Return of the Champions

Queen / Paul Rodgers

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Return of the Champions Review

by Stephen Thomas Erlewine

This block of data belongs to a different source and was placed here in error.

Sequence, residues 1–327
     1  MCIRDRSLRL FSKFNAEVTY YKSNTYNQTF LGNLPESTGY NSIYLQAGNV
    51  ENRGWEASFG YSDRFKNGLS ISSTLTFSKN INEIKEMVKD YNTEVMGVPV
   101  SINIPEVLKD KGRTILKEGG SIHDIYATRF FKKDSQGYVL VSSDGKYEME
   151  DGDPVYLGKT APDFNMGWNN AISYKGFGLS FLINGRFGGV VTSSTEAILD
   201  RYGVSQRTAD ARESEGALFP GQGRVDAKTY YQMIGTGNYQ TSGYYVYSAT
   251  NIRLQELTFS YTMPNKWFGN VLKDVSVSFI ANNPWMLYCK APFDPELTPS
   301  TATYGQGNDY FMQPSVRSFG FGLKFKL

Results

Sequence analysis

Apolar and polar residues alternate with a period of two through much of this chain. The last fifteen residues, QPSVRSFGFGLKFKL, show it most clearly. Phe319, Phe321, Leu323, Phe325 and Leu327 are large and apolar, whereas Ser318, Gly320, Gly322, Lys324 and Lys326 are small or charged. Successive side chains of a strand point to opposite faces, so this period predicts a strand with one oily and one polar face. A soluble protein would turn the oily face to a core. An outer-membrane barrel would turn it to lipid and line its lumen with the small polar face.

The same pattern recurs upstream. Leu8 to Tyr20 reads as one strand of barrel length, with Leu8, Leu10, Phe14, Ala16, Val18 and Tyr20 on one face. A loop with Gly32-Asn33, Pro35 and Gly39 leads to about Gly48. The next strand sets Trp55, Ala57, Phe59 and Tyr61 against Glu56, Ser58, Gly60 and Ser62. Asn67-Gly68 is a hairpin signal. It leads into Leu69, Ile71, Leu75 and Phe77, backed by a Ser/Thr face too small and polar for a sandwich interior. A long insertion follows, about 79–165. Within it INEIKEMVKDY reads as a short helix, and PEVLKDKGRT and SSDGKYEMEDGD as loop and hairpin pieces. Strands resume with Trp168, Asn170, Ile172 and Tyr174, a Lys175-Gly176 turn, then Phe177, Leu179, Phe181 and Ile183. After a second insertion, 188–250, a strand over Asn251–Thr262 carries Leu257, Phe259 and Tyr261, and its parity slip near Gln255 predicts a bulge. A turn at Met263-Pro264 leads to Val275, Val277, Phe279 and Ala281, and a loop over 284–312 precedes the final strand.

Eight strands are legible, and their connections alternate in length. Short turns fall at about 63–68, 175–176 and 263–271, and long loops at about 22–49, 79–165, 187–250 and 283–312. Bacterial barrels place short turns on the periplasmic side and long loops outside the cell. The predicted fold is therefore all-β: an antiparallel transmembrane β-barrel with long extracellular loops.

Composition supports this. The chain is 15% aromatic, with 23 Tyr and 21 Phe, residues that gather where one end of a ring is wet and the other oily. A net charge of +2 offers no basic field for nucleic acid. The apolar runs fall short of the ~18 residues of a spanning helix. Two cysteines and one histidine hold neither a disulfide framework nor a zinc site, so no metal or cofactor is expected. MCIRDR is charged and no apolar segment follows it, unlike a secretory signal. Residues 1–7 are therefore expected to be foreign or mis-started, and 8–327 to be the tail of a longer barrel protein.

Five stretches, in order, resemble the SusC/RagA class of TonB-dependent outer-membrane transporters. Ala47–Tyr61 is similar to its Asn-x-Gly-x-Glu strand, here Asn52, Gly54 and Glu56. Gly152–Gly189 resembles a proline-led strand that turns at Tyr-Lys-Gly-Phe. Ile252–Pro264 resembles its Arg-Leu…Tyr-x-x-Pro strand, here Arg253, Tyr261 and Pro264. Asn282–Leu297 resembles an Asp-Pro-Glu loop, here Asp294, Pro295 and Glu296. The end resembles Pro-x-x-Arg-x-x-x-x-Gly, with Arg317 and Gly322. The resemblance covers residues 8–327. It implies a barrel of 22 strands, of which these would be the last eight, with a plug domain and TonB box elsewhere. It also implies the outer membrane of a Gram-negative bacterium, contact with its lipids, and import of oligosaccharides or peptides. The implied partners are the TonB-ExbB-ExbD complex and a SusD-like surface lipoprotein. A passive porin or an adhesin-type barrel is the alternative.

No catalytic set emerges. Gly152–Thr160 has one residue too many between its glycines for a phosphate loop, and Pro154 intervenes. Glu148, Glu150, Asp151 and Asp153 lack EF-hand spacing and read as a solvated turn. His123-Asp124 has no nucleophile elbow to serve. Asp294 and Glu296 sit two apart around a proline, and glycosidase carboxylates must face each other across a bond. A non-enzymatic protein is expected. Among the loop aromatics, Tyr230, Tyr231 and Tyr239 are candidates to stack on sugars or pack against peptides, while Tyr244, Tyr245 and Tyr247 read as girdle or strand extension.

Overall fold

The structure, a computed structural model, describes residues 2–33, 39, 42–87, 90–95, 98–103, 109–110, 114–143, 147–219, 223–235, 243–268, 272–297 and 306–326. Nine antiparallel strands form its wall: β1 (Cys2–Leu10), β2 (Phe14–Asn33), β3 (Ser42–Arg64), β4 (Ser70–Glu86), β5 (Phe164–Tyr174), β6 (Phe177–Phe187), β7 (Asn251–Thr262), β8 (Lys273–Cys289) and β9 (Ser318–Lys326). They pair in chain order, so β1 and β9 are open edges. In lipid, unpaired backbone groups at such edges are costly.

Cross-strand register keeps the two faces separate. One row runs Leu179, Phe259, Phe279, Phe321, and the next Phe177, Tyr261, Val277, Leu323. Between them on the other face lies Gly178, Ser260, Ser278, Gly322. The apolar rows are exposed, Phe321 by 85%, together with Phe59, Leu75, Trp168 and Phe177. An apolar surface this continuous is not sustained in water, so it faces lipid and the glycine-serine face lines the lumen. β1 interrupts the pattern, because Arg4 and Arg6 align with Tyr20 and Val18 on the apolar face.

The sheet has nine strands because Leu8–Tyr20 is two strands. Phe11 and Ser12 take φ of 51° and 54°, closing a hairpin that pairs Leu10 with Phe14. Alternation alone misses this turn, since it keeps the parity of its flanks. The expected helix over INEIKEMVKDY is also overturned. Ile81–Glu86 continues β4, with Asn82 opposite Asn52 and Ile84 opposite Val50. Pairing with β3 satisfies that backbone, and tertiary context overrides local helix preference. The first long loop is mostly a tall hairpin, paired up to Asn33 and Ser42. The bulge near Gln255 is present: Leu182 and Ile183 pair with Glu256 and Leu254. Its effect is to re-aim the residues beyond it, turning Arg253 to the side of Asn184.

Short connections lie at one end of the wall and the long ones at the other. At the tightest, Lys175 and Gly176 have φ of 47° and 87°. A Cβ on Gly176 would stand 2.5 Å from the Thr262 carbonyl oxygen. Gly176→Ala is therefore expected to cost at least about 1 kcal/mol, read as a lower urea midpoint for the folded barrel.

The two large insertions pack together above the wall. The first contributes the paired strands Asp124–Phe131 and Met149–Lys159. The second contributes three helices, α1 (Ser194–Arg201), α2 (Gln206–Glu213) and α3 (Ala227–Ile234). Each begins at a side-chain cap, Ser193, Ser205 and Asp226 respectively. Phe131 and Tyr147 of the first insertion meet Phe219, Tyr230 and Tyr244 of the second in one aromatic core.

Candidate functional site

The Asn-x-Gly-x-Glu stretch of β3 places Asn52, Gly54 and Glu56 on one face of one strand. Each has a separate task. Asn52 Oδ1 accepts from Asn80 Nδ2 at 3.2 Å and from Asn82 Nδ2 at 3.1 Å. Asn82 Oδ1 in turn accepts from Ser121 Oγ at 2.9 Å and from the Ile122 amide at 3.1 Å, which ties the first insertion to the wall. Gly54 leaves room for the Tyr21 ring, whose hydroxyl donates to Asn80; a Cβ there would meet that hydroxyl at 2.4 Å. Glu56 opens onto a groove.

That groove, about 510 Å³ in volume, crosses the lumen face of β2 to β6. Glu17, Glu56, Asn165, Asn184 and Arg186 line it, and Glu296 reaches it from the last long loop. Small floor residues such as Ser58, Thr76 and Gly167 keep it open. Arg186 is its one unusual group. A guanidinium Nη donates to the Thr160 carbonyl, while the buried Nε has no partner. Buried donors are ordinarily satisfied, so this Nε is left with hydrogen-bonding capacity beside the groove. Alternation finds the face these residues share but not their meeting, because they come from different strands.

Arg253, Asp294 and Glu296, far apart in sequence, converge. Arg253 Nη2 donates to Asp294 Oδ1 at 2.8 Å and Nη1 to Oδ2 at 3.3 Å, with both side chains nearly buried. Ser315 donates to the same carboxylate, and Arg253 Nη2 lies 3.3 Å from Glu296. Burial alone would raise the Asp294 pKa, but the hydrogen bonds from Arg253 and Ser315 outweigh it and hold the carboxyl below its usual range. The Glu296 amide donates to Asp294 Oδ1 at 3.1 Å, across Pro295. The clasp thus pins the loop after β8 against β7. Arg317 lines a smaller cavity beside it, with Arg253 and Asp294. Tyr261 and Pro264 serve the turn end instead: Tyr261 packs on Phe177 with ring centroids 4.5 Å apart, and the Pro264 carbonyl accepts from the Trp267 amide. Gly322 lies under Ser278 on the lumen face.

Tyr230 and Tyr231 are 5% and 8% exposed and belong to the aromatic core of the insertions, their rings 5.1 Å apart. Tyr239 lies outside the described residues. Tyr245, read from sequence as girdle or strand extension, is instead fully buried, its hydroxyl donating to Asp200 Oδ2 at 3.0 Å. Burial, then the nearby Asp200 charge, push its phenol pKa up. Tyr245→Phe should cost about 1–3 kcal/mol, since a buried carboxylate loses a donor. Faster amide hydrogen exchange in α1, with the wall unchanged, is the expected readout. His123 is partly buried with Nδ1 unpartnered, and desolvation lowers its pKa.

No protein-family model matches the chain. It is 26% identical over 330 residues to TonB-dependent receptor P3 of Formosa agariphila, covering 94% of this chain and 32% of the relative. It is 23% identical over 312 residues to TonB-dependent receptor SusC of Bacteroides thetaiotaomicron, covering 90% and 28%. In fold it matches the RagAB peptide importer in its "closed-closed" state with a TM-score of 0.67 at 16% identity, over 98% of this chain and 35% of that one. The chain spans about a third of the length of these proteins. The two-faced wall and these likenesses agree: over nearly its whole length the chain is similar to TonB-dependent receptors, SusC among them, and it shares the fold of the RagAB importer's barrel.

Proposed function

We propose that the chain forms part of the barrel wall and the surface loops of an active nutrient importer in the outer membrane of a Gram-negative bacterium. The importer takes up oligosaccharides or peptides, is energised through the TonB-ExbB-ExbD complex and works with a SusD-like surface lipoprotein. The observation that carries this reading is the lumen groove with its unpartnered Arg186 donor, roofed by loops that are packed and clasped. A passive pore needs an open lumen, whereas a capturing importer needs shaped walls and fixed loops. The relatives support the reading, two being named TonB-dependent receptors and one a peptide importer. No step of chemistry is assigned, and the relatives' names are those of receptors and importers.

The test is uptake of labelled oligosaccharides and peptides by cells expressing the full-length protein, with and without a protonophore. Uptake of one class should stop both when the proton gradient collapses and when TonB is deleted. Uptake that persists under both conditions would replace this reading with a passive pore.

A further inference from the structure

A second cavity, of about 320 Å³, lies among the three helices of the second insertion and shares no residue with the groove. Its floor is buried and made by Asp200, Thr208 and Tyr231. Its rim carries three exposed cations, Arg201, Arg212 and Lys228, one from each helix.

When thinking of suitable replacements for Freddie Mercury in Queen, Paul Rodgers is not a name that immediately leaps to mind. As the former lead singer for Free and Bad Company, Rodgers roughly belongs to the same '70s British hard rock pack as Queen, but Rodgers is pretty much the polar opposite of Mercury: a gruff, bluesy, barrel-chested macho blues-rock belter opposed to Freddie's grandly flamboyant, eccentric glam rock showman. Yet when Queen -- or more accurately, Brian May and Roger Taylor, since John Deacon decided to stay retired -- reunited in 2005, they picked Rodgers as their frontman, perhaps because he was one of the few marquee-level names from the '70s left who wasn't working steadily. The double-disc Return of the Champions documents their concert at the Hallam FM Arena in Sheffield on May 9, 2005. The set list is pretty heavy on Queen standards, with a few Bad Company and Free songs, such as "Feel Like Makin' Love" and "All Right Now," thrown in for good measure. Queen sounds big, tight, and professional, and there's even a sense of excitement to some of the performances, as if May and Taylor are invigorated to be out on-stage again, playing these songs for an adoring crowd. The problem is, unsurprisingly, Rodgers, who isn't terrible -- in fact, he gives a spirited performance -- but just is a bad match for Queen's music. When the group is playing some of his songs, everything clicks, and some of the more straightforward Queen tunes, like "We Will Rock You" or "Crazy Little Thing Called Love," sound OK. Thing is, even Queen's hardest-rocking songs, like "Tie Your Mother Down" and "Fat Bottomed Girls," were written with a tongue firmly in cheek and should be delivered with a sense of theatrically that Rodgers simply doesn't have. The end result is jarring, but not overly so: it's listenable, because the band is in good form, but apart from some nice work from May, Return of the Champions never feels like Queen, it feels like a bar-band tribute band given a chance to play a big theater. Listening to the album, you get the sense that it probably was a fun night out, but there's no reason to listen to it at home. (In case you're wondering, the operatic middle section of "Bohemian Rhapsody" is taken from the original record, which makes Rodgers' blustering entrance with "so you think you can stone me and spit in my eye" all the more disarming.)

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